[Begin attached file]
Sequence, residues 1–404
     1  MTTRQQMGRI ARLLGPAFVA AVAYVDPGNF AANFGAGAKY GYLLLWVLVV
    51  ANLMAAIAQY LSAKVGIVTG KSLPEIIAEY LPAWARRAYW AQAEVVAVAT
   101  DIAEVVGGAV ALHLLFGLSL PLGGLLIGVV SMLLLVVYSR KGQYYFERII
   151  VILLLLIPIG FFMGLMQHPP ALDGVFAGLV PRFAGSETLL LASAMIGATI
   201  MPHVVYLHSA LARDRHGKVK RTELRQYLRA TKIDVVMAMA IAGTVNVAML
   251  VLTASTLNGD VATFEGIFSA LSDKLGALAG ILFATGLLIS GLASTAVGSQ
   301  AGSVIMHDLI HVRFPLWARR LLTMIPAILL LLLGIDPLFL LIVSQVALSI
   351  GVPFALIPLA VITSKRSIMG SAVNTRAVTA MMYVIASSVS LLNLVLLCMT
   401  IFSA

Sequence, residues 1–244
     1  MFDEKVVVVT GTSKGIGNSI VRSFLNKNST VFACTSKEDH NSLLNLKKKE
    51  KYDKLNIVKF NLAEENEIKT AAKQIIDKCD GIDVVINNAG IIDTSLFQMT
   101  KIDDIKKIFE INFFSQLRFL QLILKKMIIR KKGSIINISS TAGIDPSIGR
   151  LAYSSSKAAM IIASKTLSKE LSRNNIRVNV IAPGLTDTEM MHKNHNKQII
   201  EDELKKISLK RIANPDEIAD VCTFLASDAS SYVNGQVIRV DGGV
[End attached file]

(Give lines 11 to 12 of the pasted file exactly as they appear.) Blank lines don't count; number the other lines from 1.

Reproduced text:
Sequence, residues 1–244
     1  MFDEKVVVVT GTSKGIGNSI VRSFLNKNST VFACTSKEDH NSLLNLKKKE